The Effects of Hearing Loss on a Patient’s Life and How to Better Communicate

We think of the obvious effect of hearing loss with regard to communication difficulties. However, your hearing health contributes to your overall well-being and quality of life. Statistically, hearing loss is the third most prevalent chronic condition in older Americans after hypertension and arthritis. Aging also brings cognitive processing deficits that interfere with communication and can create distractions that lead to memory loss, falls and other accidents. Let’s examine these effects.


Memory and Hearing Loss: Adults with hearing loss are more likely to develop problems thinking and remembering than adults with normal hearing. Also, adults with hearing loss develop a significant impairment in their cognitive abilities 3.2 years sooner than those with normal hearing. It’s believed that untreated, degraded hearing may force the brain to devote too much of its energy/resources to processing sound.

Dementia and Hearing Loss: Seniors with hearing loss are significantly more likely to develop dementia over time than those who retain their hearing or treat their hearing loss. It appears that this effect increases as the amount of hearing loss increases.

Falling and Hearing Loss: People with mild hearing loss are three times more likely to have a history of falling. Each additional increase of hearing loss by 10 decibels increases the chance of falling by 1.4 times the original risk.

Mental Health and Hearing Loss: Hearing loss results in social isolation. Adults with untreated hearing loss tend to withdraw from engaging with family and friends. They are also likely to report depression, anxiety, anger and frustration. The degree of depression or other emotional or mental health issues also increases with the severity of the hearing loss.

Tinnitus and Hearing Loss: Tinnitus or “ringing in the ear” affects up to 50 million Americans. Ninety percent of people with tinnitus also have hearing loss. The most common causes of tinnitus are: noise exposure, aging, head injury and medication side effects.

Income and Hearing Loss: Statistics show that people with untreated hearing loss lose up to $30,000 annually. Adults with hearing loss, who wear hearing aids, have a lower unemployment rate than those who don’t.

As a result, hearing loss can affect your life in many ways. You may miss out on talks with friends and family. Sometimes hearing problems can make you feel embarrassed, upset and lonely. It’s easy to withdraw when you can’t follow a conversation. It’s also easy for friends and family to think you are confused, uncaring or difficult when the problem may be that you just can’t hear well.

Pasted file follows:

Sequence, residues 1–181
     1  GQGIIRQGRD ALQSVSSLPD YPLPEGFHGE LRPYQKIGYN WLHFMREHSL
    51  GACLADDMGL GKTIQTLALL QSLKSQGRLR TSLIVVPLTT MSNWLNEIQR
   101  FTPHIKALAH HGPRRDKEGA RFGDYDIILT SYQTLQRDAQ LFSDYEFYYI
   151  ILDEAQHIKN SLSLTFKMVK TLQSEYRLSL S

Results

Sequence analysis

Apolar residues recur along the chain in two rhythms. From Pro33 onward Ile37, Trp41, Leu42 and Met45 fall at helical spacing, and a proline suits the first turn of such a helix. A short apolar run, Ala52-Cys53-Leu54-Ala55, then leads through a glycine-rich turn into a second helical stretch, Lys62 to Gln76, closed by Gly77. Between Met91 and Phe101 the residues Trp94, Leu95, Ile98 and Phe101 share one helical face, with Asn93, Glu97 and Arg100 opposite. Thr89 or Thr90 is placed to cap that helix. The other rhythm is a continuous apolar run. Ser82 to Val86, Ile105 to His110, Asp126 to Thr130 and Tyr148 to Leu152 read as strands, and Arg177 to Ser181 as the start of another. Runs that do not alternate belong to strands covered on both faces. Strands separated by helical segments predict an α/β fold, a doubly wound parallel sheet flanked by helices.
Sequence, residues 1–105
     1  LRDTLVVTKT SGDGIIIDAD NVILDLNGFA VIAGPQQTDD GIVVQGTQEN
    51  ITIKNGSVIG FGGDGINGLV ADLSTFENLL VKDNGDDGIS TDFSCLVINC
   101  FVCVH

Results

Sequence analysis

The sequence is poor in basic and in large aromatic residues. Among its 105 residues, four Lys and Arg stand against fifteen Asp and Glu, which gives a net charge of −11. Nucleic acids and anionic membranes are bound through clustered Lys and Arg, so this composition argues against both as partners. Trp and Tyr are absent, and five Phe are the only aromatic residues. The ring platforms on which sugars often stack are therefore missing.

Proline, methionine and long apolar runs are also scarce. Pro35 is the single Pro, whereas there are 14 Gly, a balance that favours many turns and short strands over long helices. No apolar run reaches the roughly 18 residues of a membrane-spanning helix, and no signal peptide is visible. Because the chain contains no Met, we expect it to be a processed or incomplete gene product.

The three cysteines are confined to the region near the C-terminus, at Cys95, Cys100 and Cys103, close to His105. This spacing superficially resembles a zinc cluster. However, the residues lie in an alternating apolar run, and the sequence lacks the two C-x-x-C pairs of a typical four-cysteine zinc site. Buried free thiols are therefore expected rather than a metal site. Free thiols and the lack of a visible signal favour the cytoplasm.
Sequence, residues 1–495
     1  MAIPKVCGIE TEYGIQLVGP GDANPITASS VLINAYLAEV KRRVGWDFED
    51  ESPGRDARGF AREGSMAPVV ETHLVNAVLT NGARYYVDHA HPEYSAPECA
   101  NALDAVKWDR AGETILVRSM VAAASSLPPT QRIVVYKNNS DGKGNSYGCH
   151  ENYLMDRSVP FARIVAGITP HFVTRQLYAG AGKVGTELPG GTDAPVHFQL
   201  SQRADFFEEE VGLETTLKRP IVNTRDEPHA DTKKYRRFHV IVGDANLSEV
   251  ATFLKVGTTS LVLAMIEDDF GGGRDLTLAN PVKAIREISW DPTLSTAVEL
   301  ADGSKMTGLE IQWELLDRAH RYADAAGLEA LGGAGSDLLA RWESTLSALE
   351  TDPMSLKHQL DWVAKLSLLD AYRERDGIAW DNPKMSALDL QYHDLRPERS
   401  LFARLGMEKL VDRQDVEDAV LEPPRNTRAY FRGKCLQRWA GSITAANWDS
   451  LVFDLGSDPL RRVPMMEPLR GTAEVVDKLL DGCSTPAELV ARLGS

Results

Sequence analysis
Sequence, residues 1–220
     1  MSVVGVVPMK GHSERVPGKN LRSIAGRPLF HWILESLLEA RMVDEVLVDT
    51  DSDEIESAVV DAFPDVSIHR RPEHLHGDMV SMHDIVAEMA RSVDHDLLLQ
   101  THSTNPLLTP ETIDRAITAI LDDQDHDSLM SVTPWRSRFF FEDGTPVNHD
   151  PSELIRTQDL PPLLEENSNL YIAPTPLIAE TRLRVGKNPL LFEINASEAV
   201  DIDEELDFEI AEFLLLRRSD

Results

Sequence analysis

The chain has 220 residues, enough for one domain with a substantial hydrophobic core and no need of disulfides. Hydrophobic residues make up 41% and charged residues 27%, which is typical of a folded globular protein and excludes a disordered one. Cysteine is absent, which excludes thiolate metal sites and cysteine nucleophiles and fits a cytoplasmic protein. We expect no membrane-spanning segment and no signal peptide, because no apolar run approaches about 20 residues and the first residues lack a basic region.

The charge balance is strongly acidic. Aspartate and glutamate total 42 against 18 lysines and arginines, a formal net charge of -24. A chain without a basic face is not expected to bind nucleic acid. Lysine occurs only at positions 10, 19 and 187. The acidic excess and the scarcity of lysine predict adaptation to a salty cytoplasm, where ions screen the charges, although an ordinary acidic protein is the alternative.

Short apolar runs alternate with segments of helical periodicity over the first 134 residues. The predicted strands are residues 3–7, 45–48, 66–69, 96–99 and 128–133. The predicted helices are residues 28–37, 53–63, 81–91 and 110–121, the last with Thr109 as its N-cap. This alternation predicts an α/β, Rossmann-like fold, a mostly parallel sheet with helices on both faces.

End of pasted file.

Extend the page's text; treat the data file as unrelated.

We often get asked in our office by friends and family, especially when fitting a new patient with hearing aids, how to best communicate with them. So, we thought we’d share some tips on how to communicate with a hearing impaired person

Tips on How to Best Communicate

  1. Face the person and talk clearly (not while walking away from the person or while looking in cabinets, refrigerators, etc.).
  2. Speak at a reasonable speed, often slowing down how you speak is more beneficial than raising your voice.
  3. Do not hide your mouth (so much speech information comes from non-verbal cues and facial expressions) or talk while eating or chewing gum.
  4. Stand in good lighting.
  5. Reduce background noises.
  6. Use facial expressions or gestures to give useful cues.
  7. Repeat yourself if necessary, using different words.
  8. Include the hearing-impaired person when talking. Talk with the person, not about the person when you are with others. This helps keep the person with hearing loss from feeling alone and excluded.
  9. Be patient; stay positive and relaxed.
  10. Ask how you can help!

Also important, here are some tips of what the hearing impaired person can do to improve their communication with hearing aids:

  1. Let people know that you have difficulty hearing.
  2. Ask people to face you and to speak slowly and clearly. Ask them to speak without shouting, which can just distort the speech signal.
  3. Pay attention to what is being said and to facial expressions or gestures.
  4. Let the person talking know if you do not understand.
  5. Ask people to reword a sentence and try again.
  6. Turn off any unnecessary, extraneous noises (such as the radio while in a car, a TV at home, etc.).
  7. Wear your hearing aids consistently!

Therefore, to hear better, is to live better! Start a better health and wellness conversation today! Better hearing health is possible! Call your audiologist today!

Elizabeth Brassine is a Doctor of audiology and owner of Hearing Services of McKinney.